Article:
BriefConsulting 1.3: Not Supposed To Talk About

Shhhh
“What are we not supposed to talk about here?” I start most of my briefest consultations with this question because anyone responding to it tends to unstick shortly thereafter. I believe that the primary cause of stuckness lies not in any sin of commission, but in insignificant-seeming pseudo-sins of omission. What we dare not mention holds us captive, to mention whatever we’re not supposed to talk about tends to release the prisoner.

Sometimes my client responds, “Oh, nothing. We’re very open around here. We can talk about anything, anytime.”

”Fine,” I respond, then I watch and listen more carefully to hear what doesn’t get talked about. What dog isn’t barking? What birds never sing? Because omissions tend to be the most easily resolved difficulties, merely mentioning them, defangs them.

I usually find perfectly good reasons for the unspoken rule declaring what must not be said. Good reasons, if out-dated. There was usually a time when, for whatever good reason at the time, muteness became the choice. But the consideration outgrew its purpose, that there and then up and went, leaving behind a kind of verbal blindness, unspeakable, benign. Benign at first, smothering later. No longer a well-considered choice but an imprisoning imperative. A tacit tyrant.

Further into the conversation, I usually have a suspect or two. Something passes by, perhaps a minor slight, that feels a bit out of place. Someone might admit to some sadness while curiously smiling at me, whatever the cue, the words and music seem askew, and I notice. Then what do I do?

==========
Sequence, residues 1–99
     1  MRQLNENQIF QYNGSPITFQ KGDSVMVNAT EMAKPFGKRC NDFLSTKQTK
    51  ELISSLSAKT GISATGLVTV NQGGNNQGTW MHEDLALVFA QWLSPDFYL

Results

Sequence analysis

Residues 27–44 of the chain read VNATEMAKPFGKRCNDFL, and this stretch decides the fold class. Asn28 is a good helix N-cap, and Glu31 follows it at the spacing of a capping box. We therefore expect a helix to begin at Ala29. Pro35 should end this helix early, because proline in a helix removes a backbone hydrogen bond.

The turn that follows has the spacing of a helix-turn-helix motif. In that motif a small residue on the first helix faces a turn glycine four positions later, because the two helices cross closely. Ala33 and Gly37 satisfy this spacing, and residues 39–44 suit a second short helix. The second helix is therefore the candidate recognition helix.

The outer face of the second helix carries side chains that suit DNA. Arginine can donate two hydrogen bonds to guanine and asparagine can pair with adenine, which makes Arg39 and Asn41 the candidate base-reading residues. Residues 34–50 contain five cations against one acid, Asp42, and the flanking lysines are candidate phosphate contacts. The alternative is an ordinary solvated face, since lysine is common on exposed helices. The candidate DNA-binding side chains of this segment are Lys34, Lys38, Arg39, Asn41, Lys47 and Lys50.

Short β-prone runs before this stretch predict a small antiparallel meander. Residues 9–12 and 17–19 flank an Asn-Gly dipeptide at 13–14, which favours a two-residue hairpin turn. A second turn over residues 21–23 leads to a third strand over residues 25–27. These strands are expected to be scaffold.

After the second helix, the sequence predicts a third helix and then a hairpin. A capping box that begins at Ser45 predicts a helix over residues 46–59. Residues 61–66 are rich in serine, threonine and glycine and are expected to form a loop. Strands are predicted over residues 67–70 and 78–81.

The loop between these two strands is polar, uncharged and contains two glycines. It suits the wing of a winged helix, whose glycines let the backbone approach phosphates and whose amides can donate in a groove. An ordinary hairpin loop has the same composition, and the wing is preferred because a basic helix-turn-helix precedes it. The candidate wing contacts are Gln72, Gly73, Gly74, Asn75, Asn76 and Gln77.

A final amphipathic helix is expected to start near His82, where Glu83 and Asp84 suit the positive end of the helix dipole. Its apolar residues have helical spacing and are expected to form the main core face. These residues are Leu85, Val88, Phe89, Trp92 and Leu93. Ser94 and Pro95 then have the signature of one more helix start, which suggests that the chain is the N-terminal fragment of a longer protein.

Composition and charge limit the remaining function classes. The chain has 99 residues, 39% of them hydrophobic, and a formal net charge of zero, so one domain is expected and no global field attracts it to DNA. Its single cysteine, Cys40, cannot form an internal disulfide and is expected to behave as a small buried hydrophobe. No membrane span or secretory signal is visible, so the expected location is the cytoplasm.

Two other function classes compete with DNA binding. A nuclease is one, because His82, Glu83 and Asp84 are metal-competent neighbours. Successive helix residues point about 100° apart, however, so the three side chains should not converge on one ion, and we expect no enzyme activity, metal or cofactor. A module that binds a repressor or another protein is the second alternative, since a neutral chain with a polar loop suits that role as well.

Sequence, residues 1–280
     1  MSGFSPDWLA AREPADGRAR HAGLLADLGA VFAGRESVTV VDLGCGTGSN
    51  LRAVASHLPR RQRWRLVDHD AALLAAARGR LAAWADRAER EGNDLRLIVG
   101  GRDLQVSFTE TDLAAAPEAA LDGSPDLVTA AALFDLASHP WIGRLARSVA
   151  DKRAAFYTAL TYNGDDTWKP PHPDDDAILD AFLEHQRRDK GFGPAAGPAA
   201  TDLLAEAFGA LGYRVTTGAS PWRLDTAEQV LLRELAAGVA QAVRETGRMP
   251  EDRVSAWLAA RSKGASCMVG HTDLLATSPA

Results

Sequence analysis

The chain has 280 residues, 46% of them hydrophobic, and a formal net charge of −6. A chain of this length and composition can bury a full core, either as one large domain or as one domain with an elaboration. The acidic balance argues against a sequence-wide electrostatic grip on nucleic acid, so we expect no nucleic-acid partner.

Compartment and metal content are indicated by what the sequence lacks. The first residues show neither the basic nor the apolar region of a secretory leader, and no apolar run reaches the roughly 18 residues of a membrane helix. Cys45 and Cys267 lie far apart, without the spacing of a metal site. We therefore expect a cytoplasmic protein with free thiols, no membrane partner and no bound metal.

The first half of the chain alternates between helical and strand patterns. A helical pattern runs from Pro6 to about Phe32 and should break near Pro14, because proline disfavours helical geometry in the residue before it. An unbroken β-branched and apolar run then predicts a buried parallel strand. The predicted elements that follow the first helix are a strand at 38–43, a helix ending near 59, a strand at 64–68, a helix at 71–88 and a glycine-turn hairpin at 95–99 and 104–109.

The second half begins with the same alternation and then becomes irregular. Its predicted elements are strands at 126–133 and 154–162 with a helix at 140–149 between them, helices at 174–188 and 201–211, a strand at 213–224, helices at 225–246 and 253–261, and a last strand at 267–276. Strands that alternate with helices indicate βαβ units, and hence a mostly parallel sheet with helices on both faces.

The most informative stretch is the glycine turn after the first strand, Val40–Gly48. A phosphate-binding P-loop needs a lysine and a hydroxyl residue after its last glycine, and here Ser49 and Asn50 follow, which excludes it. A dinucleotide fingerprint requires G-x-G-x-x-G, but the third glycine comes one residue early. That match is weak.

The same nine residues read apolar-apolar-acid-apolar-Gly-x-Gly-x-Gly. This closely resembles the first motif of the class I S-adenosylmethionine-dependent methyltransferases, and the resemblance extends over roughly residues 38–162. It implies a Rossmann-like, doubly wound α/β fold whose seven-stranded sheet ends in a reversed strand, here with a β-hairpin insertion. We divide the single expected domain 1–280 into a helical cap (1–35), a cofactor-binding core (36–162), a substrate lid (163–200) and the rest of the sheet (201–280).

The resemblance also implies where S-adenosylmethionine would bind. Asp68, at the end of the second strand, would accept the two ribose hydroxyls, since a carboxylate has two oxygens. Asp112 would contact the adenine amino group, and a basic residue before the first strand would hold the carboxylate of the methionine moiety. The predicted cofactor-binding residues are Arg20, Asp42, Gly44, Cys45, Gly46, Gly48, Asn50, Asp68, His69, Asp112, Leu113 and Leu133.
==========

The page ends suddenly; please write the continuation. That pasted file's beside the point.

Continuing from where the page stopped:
I ask rather than jump to conclusions. I inquire because I really want to know. Instead of presume, I try to make room for the silence to expand into sound. Often, my client hadn’t noticed the elephant they’d been so diligently, pre-consciously stepping around. The cordoned-off space had become commonplace, and that hollow space never makes a sound.

There’s a thin candy shell surrounding every smothering silence I’ve found. It might feel impermeable, but rarely is. It almost always seems like a bitter pill before someone takes a bite, then laughter most often ensues. Few experiences are more heart-lightening than the sound of a silence revealed, and we giggle a bit, relieved. We’ll breathe a bit easier then, too.

I suppose the relief comes from the shocking realization that comes when nobody dies. The secret’s revealed, and nobody’s a penny poorer for it. After many iterations of this satisfying dance, I’ve adopted a principle in my practice. I must talk about what I’m not supposed to talk about if I hope to make any difference at all.

©2012 by David A. Schmaltz - all rights reserved












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